hm…or maybe the bear arguments are getting a little too convincing an we’re all searching for ways to marginalize them?

  13. I’ve thought about it some more, and came away with this: Its not that the Bears have the best arguments – its that they have the more interesting arguments.
    Consider: The dominant view is typically Bullish, and given the bias over the long term and the miracle of compounding, this makes sense.
    However, Wall Street (and other asset gatherers) are notorious perma-Bulls, and tend to worry less about capital preservation and more about protecting their fees and gathering more assets. They are often all full of sunshine, because that is the posture that maximizes revenue.
    Government officials (Prez, Tres Secy, Fed Chair) tend to spin data very positively, as they want to get re-elected.
    The MSMedia – especially now that is has become so consolidated – has generally parroted the government and Wall St views. They no longer have the manpower to put well trained economic reporters on that beat (their are a few exceptions).
    Pushing back against the dominant meme — especially one that is lazily researched and hastily reported — is just far more interesting . . .

  14. People are pretty good at responding to a problem. Most bearish arguments assume that people cannot adjust, problems cannot be addressed,and things will go on pretty much as they have. Many problems get solved. Go back and read a newspaper from 40 years ago, it is filled with problems that simply never amounted to very much. Most of the bearish problems will end up in the same scrap heap. Good long term investing means figuring out the real issues.

  15. Max Return says:

    Hey, these days is so easy to laugh off the pessimists. Now here is a real bear as reported by Marketwatch: http://tinyurl.com/32g9vg

  16. One more point: Bearish arguments are usually more interesting because they focus on the causes and the effect is left to each person’s imagination. It’s like in a horror movie where you rarely see the scary guy.

  17. Why are bears’ arguments more interesting? Because they are made by world-weary skeptics who know that most market puffery by bulls is based on pure wishful thinking. However the longterm secular trends have been up…so bears are invariably wrong in the short-term. What’s always surprised me is how millenarian bears think they have to be to get attention. Today we know just how bearish Goldman was on the sub-prime sector. However they didn’t close up shop. They shorted the hell out of the bad paper. Bearish bets on newspapers, homebuilders, TV broadcasters would have paid off nicely. Not so much for those trying to pick the top for GOOG or oil. Bears need to keep their balance as they are going downhill.

  18. It’s not that the bears’ arguments are more persuasive. It’s that more people fall into the group for which the bears’ arguments are persuasive.
    A typical investor cannot afford to lose the portion of his portfolio that is in equities, or even to have it decline very much in value. The fixed income portion is not enough to carry him through a long dry spell and he relies on the equities to sell in emergencies. Therefore, if you tell him that the market is going to fall, he will sell his stocks and hold cash and bonds.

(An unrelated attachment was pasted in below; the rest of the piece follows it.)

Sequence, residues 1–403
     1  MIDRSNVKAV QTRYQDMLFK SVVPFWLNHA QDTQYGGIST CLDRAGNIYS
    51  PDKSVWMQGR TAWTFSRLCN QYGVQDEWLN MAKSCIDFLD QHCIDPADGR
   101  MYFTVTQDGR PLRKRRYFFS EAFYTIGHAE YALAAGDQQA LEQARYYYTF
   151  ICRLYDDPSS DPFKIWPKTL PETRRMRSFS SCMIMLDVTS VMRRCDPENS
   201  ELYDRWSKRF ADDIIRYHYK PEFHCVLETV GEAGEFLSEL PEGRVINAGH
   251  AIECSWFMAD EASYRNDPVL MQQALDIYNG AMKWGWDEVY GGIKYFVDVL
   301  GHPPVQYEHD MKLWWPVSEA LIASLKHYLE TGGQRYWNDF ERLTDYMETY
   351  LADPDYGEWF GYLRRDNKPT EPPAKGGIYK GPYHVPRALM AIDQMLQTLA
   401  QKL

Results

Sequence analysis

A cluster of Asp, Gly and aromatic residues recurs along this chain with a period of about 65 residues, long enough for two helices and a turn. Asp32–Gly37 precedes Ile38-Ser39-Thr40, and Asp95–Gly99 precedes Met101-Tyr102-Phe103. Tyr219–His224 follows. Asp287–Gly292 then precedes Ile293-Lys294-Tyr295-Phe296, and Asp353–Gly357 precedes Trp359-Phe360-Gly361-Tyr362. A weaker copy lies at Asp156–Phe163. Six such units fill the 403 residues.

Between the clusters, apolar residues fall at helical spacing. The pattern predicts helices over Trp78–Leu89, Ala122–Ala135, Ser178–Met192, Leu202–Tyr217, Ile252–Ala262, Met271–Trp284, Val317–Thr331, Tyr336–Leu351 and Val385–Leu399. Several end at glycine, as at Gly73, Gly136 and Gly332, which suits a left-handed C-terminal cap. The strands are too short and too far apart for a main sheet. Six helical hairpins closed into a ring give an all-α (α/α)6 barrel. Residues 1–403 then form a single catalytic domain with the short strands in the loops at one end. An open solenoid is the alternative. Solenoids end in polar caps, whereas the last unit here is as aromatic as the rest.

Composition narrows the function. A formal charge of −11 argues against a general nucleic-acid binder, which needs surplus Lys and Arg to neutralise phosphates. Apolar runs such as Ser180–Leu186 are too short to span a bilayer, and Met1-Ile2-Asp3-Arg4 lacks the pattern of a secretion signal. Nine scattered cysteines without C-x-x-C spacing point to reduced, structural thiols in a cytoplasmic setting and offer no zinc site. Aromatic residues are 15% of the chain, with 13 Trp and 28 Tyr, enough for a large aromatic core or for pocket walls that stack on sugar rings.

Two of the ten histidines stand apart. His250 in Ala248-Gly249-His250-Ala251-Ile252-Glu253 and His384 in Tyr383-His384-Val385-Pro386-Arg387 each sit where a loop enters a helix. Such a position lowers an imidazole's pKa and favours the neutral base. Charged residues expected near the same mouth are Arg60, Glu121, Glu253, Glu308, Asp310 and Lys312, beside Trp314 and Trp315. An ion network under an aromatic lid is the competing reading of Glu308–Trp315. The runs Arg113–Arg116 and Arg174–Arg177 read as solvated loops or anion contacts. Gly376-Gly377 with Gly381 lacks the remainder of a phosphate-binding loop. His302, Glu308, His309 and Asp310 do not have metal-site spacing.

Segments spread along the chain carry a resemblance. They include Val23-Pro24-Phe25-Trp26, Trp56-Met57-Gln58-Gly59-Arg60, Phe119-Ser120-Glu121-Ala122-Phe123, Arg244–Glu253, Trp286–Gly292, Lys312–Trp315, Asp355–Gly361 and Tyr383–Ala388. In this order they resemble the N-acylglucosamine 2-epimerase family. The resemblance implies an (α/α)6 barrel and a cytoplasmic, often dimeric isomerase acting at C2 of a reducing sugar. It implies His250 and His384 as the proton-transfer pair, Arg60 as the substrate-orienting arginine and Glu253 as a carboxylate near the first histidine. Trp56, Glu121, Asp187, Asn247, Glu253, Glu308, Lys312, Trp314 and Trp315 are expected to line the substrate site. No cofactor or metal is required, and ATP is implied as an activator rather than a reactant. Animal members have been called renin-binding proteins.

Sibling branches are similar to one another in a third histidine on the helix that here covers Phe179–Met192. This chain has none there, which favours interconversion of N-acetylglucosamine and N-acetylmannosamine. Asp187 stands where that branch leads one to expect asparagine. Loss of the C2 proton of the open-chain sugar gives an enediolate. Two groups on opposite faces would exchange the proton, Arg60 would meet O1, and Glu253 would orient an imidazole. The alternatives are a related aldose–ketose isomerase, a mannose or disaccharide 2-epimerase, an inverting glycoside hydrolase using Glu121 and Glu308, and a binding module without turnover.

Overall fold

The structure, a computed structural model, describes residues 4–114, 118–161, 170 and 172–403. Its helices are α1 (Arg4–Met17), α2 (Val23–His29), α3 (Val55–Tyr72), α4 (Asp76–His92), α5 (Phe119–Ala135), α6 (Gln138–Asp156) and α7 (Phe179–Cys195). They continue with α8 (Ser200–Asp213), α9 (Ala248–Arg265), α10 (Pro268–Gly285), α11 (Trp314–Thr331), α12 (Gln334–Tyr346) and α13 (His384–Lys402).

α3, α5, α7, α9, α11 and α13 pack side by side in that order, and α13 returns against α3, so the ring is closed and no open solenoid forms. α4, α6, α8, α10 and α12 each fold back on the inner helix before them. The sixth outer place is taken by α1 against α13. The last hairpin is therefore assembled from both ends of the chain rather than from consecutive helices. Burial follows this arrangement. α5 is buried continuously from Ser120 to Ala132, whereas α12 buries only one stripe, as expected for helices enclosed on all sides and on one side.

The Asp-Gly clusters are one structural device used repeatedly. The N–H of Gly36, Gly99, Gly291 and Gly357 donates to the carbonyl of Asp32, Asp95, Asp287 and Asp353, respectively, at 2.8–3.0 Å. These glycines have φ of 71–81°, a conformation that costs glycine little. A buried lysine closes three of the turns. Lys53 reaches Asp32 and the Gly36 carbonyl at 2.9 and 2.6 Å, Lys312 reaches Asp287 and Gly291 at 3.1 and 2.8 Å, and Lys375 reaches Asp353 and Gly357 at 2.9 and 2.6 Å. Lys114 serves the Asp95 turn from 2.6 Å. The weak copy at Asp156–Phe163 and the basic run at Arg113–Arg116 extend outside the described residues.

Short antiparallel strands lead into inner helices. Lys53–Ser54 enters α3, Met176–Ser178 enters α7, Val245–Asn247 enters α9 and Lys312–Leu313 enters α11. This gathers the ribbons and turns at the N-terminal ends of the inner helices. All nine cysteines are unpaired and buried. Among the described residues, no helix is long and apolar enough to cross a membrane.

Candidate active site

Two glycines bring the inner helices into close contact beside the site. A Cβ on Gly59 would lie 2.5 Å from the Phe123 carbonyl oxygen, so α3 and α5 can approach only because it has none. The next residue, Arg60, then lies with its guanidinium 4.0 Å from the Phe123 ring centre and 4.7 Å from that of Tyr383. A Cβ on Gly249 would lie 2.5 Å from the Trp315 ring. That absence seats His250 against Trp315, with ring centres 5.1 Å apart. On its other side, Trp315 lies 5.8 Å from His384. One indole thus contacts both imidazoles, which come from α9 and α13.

Contrast that with a very wealthy investor. If the market crashes, he has to rely on the billion in 30 year Treasuries in his fixed income. Sure, he might have to put off buying the island next year, but he’s not going to be on the street. He can afford to wait five or ten years for the stocks to come back.
    Of course now, with so many “safe” bonds turning out to be impossible to value, even wealthy investors might be listening to the bears.

  19. Paul — A good question and a timely one. You have stimulated some good comments, and also my own response: http://oldprof.typepad.com/a_dash_of_insight/2007/12/the-triumph-of.html

  20. Most BEAR arguments that I read on the blogs are conspiracy-filled rants by Tin Foil Hat conspiracy theorists who hijack blogs for their own gratification …. every rally is due to : Fed Repos ….. Short-covering ….. tainted Economic figures ….. foreign Central bank manipulation …. Plunge Protection Team ….. ( of course , there’s never any natural buying , the buyers are all “dolts” )
    It’s actually comical , and I use these comments as a great sentiment “reverse indicator” ….. there are 3 blogs that are the “worst ” ( best ? ) , but I won’t sully their reputations as I need them to make $

  21. Are you talking about now or always? A falling dollar, higher oil prices, mortgage mess, negative press (when a Republican is in the WH, the MSM present more “feeling” articles than hard facts, when the party switches so does the news), and political incompetence from top to bottom in both parties, makes the bear story sound better.
    As a side example, take outsourcing. People think it is destroying America, but even before the low dollar attracted all the factories than plan to come here in the next few years, the U.S. has been gaining jobs.

  22. One word: weather. Do ratings and public interest soar when we’re predicting hurricane landfall, blizzards, etc., or when we say it’ll be sunny and mild? Same with international relations, and same with stocks and mortgage debacles and credit squeezes that will (potentially) knock our neighbors out of their homes and onto the street, or at least out of retiring earlier than we will be able to. Bad news (especially the threat thereof) piques our human interest, plain and simple – schadenfreude, nothing more.

  23. Not to dismiss the merits of the bearish views prevalent today, but broadly speaking, hasn’t it been shown that people’s reaction to negative events is twice as strong as for positive events?

  24. The only way for a forecaster to be recognized in stock market forecasting is to beat buy-and-hold and beat other forecasters. Otherwise, you won’t ever be noticed. If you are constantly bullish, you’ll never beat buy and hold, so you have to be bearish at proper times. What’s interesting is that, at least according to the research paper at the bottom of this post, gurus have to take it another step further. In order to really stand out, they have to exaggerate the probabilities of market events. It’s like this article from Business Week in December 2006.
    “Last year, Mr. Ritholtz semi-famously ended up as far and away the most-bearish of 76 forecasters surveyed by Business Week, calling for a 36% plunge in the Dow by the end of 2006.
    “That forecast didn’t quite work out, but Mr. Ritholtz also expected a “parabolic” rise in the Dow before the crash — he got that part right, at least. ‘What we didn’t get right was the timing,’ he says.”
    As Barry notes, he has made his clients money by being short US, long global. But that meme is BORING. It is far more interesting, and it gets a lot more attention, to proclaim that the market is going to drop 36% in a year.
    Research paper: Probability Elicitation, Scoring Rules, and Competition among Forecasters